nep-ent New Economics Papers
on Entrepreneurship
Issue of 2012‒02‒08
five papers chosen by
Marcus Dejardin
Notre-Dame de la Paix University

  1. Does Labor Diversity Promote Entrepreneurship? By Marianna Marino; Pierpaolo Parrotta; Dario Pozzoli
  2. Trends in Entrepreneurial Activity in Central and East European Transition Economies By André van Stel; J. Cieslik Cieslik
  3. Who Starts a Business and Who Is Self-Employed in Germany By Michael Fritsch; Alexander Kritikos; Alina Rusakova
  4. The Effect of Entrepreneurship on Economic Growth in Alabama By Starks, Danyelle
  5. SMEs and the challenge to go public: evidence from a recent survey By Marianna Caccavaio; Jacopo Carmassi; Giorgio Di Giorgio; Marco Spallone

  1. By: Marianna Marino (École Polytechnique Fédérale de Lausanne,); Pierpaolo Parrotta (Department of Economics and Business, Aarhus University, Denmark); Dario Pozzoli (Department of Economics and Business, Aarhus University, Denmark)
    Abstract: We find evidence that workforce educational diversity promotes entrepreneurial behavior of employees as well as the formation of new firms, whereas diversity in demographics hinders transitions to selfemployment. Ethnic diversity favors entrepreneurship in financial and business services.
    Keywords: Labor diversity, entrepreneurship, transitions to self-employment
    JEL: C26 J24 L26
    Date: 2012–01–04
  2. By: André van Stel; J. Cieslik Cieslik
    Abstract: After 1989, radical changes in the level of entrepreneurial activity have taken place in the Central and East European (CEE) region countries, transitioning from the communist to a market economy system. In this paper we explore these developments at the macro level of countries. In particular, we investigate developments in business ownership rates in four CEE transition economies (Czech Republic, Hungary, Poland and Slovak Republic) in the period 1989-2008, and compare them with developments in other OECD countries. To this end we make use of EIM’s COMPENDIA data base, which contains harmonized data on the number of business owners in OECD countries. Data for the four CEE region countries under consideration have recently been added to COMPENDIA. Our analysis reveals that, since the fall of the Berlin Wall in 1989, business ownership rates in the four CEE countries have been converging rapidly towards the levels of other OECD countries, and more specifically, Western European countries. This shows that the communist system did not have prolonged negative effects on the private business sector in these four countries. Instead, based on their institutional and cultural roots, or ‘civilization fundamentals’, these CEE countries were able to rebuild the entrepreneurial sector in a relatively short period of transition. Finally, in spite of the general trend of convergence towards Western European countries, we also find sizable differences among these four CEE countries in the level and development of business ownership since 1989.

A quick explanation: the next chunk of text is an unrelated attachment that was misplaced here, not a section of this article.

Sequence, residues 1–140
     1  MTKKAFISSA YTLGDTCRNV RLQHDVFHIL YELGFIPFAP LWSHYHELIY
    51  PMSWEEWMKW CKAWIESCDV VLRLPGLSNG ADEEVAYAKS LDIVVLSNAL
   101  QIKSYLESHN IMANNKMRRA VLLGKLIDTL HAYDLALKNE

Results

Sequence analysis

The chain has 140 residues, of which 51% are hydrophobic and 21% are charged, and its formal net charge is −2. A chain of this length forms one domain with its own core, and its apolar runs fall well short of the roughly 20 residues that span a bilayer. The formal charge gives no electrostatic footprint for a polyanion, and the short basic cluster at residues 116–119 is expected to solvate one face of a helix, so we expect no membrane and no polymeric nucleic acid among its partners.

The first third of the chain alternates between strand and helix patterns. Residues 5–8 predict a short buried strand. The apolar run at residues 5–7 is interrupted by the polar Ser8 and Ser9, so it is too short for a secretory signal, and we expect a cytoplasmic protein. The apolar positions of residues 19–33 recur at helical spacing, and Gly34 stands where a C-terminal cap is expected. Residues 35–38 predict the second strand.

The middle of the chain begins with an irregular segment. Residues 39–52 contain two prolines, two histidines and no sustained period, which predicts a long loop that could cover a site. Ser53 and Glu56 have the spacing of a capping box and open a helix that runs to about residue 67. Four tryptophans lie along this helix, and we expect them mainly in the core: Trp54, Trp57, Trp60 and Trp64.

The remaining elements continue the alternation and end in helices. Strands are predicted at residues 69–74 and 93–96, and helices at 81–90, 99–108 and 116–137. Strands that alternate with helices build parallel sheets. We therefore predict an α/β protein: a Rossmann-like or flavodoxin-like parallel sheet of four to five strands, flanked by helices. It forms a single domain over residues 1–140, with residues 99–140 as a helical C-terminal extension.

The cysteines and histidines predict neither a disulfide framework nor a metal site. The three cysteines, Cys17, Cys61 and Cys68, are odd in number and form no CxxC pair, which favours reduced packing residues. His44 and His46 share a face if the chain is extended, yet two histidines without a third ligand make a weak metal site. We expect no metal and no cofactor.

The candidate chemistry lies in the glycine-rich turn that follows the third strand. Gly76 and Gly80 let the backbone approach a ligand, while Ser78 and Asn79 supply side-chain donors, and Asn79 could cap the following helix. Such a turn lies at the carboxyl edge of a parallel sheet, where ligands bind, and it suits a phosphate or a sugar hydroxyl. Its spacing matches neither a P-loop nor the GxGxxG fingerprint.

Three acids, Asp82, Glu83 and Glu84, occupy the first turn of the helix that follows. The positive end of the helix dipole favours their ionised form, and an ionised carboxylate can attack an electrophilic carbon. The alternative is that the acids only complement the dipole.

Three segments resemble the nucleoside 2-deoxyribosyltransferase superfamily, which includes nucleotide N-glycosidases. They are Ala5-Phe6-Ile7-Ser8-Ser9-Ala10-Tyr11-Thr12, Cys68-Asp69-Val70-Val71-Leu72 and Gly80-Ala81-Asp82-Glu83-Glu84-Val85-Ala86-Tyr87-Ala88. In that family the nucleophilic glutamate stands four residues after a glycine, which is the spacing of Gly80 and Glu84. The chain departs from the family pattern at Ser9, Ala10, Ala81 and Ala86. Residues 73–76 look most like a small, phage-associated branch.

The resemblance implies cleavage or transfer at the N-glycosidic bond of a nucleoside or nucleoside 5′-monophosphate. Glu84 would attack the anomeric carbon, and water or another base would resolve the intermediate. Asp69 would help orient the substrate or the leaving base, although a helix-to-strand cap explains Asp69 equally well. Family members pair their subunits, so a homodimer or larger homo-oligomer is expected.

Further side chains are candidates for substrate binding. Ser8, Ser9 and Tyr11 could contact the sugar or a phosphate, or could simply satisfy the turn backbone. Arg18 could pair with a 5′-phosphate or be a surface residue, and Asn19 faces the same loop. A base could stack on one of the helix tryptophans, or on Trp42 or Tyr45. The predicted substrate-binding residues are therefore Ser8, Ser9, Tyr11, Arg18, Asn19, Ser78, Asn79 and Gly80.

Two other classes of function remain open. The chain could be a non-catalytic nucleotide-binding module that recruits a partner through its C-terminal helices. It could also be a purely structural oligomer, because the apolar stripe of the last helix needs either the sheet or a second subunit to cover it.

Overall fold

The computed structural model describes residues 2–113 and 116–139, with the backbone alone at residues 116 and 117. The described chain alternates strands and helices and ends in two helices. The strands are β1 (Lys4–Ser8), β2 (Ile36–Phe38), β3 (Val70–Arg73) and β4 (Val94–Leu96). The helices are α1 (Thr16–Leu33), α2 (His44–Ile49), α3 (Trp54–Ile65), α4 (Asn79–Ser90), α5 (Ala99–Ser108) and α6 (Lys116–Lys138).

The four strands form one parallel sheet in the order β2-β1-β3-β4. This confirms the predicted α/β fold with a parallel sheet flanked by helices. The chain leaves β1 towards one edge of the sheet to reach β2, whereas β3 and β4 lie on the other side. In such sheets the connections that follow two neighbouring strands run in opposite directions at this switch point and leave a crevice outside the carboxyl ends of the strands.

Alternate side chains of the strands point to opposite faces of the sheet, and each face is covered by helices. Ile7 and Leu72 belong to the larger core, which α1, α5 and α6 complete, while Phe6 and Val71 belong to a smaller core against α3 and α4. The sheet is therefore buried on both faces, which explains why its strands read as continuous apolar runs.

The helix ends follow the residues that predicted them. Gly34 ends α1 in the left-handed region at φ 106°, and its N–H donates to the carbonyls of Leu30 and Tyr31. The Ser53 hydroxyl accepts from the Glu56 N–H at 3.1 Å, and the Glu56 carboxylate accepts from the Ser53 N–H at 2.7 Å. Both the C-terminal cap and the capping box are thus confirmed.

Date: 2012–01–23
  3. By: Michael Fritsch; Alexander Kritikos; Alina Rusakova
    Abstract: Based on representative data, the German Micro-Census, we provide an overview of the development of self-employment and entrepreneurship in Germany between 1991 and 2010, the first two decades after reunification. We investigate the socioeconomic background of these individuals, their education, previous employment status, and their income level. We observe a unique increase in self-employment in Germany by 40 percent which can partly be attributed to the transformation process of East Germany and to the shift to the service sector. We notice a yearly start-up rate of 1 percent among the working population (almost 20 percent of them being restarters), a decision that pays for the majority of individuals in terms of income. Contrary to other countries, in Germany there is a positive relationship between educational levels and the probability of starting a business.
    Keywords: Entrepreneurship, self-employment, start-ups, Germany
    JEL: L26 D22
    Date: 2012
  4. By: Starks, Danyelle
    Keywords: Agribusiness,
    Date: 2012–01–15
  5. By: Marianna Caccavaio (LUISS Guido Carli University); Jacopo Carmassi (LUISS Guido Carli University); Giorgio Di Giorgio (LUISS Guido Carli University); Marco Spallone (Universitˆ degli studi di Chieti e Pescara and LUISS Guido Carli University of Rome)
    Abstract: Italian SMEs go public much less than SMEs located in other European countries, even though their relevance for the national economy is relatively higher in terms of employment and value added. Why do Italian SMEs so scarcely rely on equity as an external source of finance, despite the option of getting listed on SME-dedicated stock market segments? In this paper we address this question by analyzing the responses to a questionnaire that we submitted to a sample of listed firms and institutional investors. We also suggest policy interventions to provide Italian SMEs with the appropriate incentives for listing.
    Keywords: SMEs, IPO, equity financing, financial constraints.
    JEL: G1 G3
    Date: 2012

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